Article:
On Wednesday, May 21, testimony was again offered that addressed several important elements in the debate on HB12:
• Steve Nelson, a person who in involved with the People’s Rights Organization in Ohio, testified on his own behalf. Nelson did an excellent job of answering some of the opponent’s claims made thus far in testimony. To the Ohio Chamber of Commerce’s concern about private property rights for businesses, Nelson said the bill, as written, stikes the proper balance between the private property rights of both employers and employees, since HB12 allows businesses to prohibit firearms in their building, while also respecting the right of the employee to travel to and from work while protected. Nelson also refuted a claim made in opponent testimony by Toby Hoover, of the Ohio Coalition Against Gun Violence, that HB12 would force a sheriff to issue a license to someone who qualifies, but whom the sheriff knows personally is not in a proper mental condition to CCW. He cited the portion of the bill which provides the sheriff discretion, and provides the applicant recourse with a court of review. Next, Nelson told Senators it is important to note that the CWRU shooting incident happened in a non-concealed carry state, and that it is ludicrous for the Million Mom March or Brady Campaign to claim that HB12 in any way would have encouraged that event, or other such events. In closing, he provided an excellent example of why the Ohio Highway Patrol’s suggestion that when under attack, someone could “just drive away”, is not common sense: In a car accident, Nelson pointed out, Ohio law does not permit persons involved to leave the scene. So if a person was attacked, OHP Capt. John Born’s advice to “just drive away”, becomes advice to commit one, or possibly several, crimes.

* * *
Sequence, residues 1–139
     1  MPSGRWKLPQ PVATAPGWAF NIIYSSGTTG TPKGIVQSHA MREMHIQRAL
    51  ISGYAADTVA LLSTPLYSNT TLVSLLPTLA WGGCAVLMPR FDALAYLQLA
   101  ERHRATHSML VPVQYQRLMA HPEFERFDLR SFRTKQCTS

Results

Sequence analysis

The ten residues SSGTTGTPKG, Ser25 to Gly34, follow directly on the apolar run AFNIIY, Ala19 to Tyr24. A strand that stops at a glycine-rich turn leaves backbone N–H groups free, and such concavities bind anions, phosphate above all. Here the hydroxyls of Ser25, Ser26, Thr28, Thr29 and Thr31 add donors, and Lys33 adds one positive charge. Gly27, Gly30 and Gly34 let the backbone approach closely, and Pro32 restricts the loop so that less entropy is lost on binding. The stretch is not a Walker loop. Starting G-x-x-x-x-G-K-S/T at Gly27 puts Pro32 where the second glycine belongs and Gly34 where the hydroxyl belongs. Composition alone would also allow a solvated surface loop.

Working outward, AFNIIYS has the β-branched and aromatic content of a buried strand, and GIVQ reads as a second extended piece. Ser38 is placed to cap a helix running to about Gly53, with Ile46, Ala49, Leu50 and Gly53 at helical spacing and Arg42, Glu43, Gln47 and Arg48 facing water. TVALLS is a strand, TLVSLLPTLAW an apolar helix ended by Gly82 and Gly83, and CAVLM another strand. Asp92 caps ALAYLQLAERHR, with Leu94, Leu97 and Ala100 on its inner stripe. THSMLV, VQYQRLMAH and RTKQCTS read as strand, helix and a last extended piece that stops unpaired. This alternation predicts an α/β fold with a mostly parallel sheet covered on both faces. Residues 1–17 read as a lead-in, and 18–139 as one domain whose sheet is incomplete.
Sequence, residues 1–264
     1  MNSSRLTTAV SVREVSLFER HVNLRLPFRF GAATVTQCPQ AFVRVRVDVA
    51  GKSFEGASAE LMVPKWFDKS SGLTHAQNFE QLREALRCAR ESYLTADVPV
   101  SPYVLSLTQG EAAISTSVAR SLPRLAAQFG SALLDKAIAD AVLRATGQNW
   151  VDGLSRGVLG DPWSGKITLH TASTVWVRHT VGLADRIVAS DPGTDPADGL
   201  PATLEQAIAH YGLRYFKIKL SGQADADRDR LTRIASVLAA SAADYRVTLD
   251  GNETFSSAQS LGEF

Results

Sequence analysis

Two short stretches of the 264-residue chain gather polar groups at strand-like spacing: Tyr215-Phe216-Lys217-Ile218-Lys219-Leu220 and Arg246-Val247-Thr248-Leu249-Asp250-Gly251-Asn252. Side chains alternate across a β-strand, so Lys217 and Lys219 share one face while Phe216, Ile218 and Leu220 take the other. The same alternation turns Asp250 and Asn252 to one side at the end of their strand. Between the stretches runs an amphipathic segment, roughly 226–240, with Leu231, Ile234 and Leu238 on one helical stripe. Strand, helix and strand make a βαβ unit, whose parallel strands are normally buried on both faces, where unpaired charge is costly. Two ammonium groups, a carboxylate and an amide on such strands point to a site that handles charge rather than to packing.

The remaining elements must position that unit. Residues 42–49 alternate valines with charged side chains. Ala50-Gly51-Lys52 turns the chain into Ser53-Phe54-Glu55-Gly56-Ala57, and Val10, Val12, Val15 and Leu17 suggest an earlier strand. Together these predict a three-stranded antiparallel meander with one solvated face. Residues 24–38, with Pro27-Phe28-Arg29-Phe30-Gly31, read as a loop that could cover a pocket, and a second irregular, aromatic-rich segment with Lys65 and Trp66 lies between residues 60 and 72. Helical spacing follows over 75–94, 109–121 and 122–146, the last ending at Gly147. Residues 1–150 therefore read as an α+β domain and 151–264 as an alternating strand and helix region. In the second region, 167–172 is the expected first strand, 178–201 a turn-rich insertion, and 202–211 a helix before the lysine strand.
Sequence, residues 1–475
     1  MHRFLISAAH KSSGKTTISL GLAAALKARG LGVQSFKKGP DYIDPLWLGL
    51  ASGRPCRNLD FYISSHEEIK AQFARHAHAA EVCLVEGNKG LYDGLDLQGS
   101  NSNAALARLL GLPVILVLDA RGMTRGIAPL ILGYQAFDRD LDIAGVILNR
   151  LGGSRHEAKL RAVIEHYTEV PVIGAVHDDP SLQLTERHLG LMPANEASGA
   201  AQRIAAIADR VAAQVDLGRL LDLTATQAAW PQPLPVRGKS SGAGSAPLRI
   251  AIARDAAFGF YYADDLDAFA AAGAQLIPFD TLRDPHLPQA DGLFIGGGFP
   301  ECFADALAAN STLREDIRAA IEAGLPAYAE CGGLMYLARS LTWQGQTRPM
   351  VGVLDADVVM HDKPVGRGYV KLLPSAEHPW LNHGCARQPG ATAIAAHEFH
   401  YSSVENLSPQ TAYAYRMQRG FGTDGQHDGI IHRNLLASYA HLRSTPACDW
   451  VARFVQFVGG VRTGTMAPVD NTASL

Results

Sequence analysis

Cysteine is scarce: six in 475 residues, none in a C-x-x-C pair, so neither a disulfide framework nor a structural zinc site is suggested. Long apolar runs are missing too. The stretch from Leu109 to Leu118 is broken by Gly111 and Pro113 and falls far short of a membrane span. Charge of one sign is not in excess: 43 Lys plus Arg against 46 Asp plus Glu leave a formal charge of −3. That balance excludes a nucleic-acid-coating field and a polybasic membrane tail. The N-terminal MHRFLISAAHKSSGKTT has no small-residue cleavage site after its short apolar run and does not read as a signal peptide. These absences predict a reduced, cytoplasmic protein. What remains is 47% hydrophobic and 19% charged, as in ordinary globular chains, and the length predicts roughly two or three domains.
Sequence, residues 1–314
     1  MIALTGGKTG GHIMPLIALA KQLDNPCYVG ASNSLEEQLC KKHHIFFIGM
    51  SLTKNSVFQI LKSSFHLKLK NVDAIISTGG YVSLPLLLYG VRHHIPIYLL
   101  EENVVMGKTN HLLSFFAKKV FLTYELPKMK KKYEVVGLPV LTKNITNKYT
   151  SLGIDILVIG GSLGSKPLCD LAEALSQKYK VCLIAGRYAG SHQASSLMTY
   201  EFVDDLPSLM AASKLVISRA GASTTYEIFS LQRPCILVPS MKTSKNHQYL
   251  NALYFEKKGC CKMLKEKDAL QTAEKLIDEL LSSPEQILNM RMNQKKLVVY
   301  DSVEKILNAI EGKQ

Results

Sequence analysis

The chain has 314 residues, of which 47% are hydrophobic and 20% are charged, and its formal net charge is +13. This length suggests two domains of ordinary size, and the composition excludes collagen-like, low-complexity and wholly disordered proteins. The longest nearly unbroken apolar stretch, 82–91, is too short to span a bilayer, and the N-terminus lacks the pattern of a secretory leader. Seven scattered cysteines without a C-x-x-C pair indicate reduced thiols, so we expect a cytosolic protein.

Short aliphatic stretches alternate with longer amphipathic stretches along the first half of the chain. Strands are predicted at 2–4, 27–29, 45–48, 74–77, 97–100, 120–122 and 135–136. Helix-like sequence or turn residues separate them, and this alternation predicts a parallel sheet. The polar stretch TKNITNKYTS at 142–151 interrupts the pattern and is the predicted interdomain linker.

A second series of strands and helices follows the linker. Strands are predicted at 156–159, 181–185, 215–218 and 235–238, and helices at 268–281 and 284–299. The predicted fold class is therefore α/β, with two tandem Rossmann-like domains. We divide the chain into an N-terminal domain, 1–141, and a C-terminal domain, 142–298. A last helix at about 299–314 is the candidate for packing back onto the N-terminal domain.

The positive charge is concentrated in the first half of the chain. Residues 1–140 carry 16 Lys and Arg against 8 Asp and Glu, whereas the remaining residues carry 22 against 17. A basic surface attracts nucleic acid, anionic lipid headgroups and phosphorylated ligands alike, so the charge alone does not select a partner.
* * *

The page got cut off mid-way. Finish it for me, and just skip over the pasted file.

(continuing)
• Dave LaCourse, formerly of the Second Amendment Foundation and himself a previous victim of random violence in a parking lot, threw a 1-2 combination of knock-out punches (or was it carpet-bombing?) to HB12’s law-enforcement opponents. LaCourse informed Senators that in his former job with the Second Amendment Foundation, he was intimately involved with the concealed carry lawsuit in Hamilton County, and that he was very familiar with law enforcement’s testimony in that trial. He said, in the trial and while under oath (and in the attempt to prove that Ohio’s affirmative defense structure works), Highway Patrol officers testified that they routinely stop people who are found to be carrying a firearm ready at hand, and let them go. But in the debate over HB12, LaCourse noted, representatives from the exact same law enforcement groups act as opponents, and claim that guns in cars present a safety issue. “Either they lied in the trial, or they are lying to you,” LaCourse stated. He told Senators that these groups want to gut the bill, that they know preventing self-defense in cars does that, which is the only reason they oppose it – not because they truly have safety concerns. He suggested this is the same motive behind attempts to remove the “parking lot exemption”. Next, LaCourse dropped another bombshell. During oral arguments before the Ohio Supreme Court, Justice Evelyn Stratton and others suggested that Ohio law allowing for open carry is a viable option for persons wishing to defend themselves. Immediately following the hearing, LaCourse called Columbus Police Department, explained what he had just heard several Supreme Court Justices say, and asked them to verify that if he were to carrying openly in downtown Columbus, Columbus Police would not bother him. After putting him on hold, the officer returned to the phone, and told LaCourse that while the law technically reads that way, that in practice if a citizen carries openly, they would anticipate a phone call, followed by a large police response to the scene, followed by the armed citizen being arrested for inducing panic. Chairman Steve Austria asked “are you telling us not to wait on the Ohio Supreme Court before acting on HB12?” “Yes,” LaCourse said. “We’re 4-0 with judges who have heard this case." If legislators wait for the Ohio Supreme Court rule on the constitutionality of current concealed carry laws, they face the possibility that Ohioans will be allowed to carry weapons without regulation.